Similarly, people who hold the public’s trust on account of their position in public office, the military, or any government field, are supposed to be extra-careful to avoid using loaded language because the public will assume the stated opinions of the individual are actually facts being disclosed by the agency or government arm that person represents. Sadly, many in positions of public trust don’t respect this guideline and will gladly go to the media to state that so-and-so is incompetent, so-and-so is dishonest, so-and-so is abusing the power of the office, and so on.

Unless the speaker is providing concrete evidence to back his or her claims, and (remember #1?) is also providing sources for that evidence that the reader or listener can verify separately, assume that what’s being said is merely opinion that’s been beefed up with some loaded language to try and trick, anger or frighten you into believing it.

This is also the tactic being employed by the investigator who asks the suspect, “Were you drunk when you beat your wife?” instead of asking, “Had you been drinking?” and then, “Was there a physical altercation with your wife?”



5. Keep an eye out for qualifiers.

Words intended to back off from a claim of absolute fact or a specific measurement/quantity are “qualifiers”. These words are purposely nonspecific, or even downright vague. This is how a news story can claim that “many mothers are outraged by the school’s position” based on a meeting of three mothers with the school’s principal.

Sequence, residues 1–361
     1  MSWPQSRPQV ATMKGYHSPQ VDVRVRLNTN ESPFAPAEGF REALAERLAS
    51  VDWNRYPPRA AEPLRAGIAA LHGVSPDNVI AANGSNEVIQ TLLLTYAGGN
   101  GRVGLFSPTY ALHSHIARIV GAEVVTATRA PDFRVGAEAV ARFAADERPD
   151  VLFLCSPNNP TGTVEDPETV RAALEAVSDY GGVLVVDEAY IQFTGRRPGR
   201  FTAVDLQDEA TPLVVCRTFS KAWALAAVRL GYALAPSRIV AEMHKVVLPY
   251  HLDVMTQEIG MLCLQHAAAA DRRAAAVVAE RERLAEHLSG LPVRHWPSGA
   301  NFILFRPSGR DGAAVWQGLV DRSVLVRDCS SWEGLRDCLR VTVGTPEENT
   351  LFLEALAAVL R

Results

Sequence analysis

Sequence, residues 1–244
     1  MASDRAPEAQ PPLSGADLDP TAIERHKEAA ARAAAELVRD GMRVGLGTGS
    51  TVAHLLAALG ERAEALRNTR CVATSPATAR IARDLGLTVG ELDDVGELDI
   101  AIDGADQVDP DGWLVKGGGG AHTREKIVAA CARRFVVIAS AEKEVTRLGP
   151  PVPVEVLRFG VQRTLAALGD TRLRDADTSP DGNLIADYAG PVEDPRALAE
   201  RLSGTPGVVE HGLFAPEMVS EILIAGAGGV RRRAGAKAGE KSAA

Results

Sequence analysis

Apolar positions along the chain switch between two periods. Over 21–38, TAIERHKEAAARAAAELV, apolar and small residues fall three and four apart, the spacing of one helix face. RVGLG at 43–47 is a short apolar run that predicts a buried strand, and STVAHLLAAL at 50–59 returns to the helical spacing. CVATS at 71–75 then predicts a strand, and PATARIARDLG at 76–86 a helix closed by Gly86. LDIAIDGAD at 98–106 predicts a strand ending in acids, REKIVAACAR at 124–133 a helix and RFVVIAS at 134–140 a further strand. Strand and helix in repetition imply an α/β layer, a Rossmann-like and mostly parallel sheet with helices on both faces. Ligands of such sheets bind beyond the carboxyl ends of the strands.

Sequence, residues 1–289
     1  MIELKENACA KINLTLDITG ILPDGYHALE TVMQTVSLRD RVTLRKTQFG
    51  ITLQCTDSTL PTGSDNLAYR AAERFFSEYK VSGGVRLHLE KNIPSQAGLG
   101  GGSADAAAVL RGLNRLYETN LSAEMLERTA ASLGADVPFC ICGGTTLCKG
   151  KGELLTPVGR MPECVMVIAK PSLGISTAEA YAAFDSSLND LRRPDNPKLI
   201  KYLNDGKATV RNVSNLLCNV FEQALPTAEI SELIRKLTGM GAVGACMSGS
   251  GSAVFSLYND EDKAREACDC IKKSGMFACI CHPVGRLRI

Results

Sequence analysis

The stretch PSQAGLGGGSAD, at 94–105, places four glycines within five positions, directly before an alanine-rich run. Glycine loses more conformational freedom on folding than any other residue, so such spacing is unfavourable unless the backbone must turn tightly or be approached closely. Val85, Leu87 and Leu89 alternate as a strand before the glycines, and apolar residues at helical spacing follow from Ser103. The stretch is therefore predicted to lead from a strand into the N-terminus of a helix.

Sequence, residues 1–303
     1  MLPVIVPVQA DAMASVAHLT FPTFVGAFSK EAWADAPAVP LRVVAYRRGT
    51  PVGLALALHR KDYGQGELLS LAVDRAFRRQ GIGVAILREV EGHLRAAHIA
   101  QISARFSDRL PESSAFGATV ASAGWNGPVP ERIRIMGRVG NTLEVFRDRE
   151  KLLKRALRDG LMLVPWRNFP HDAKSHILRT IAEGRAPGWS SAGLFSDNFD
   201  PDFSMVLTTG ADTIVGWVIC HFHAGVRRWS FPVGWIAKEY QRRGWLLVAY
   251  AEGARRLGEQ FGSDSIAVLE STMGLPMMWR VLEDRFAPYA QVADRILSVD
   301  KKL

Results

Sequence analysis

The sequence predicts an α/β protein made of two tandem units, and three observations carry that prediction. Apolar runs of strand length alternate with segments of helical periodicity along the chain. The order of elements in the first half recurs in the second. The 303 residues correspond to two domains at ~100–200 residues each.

6. Bait and switch / clickbait.

The bait and switch has become maddeningly common nowadays.

You click on a headline reading, “You’ll be SHOCKED by what this mother did to her crying toddler!” and the story turns out to be about a mother who chose to let her toddler have a public tantrum rather than give in to his demands that she buy him a toy.

A magazine cover headline can claim “Water Pollution Levels Reach Record High” and be published next to a photo of a drinking glass filled with disgustingly dirty water, when the story inside goes on to explain that while the pollution levels observed in recent tests do reflect a new record, they are still well below guideline limits for public safety.

An online news story headline can blare, “Governor Spends 3x As Much As Predecessor On Office Furniture” when the truth of the matter is that the governor’s office hasn’t been refurnished since 1975, and the current governor’s new furniture, while 3x as costly as the old furniture was when it was purchased, is still pretty modestly priced by today’s standards.

Don’t just run with the story from the headline, or even the sub-head summary that often appears below the headline. Until you’ve read the full story, you don’t have the full story.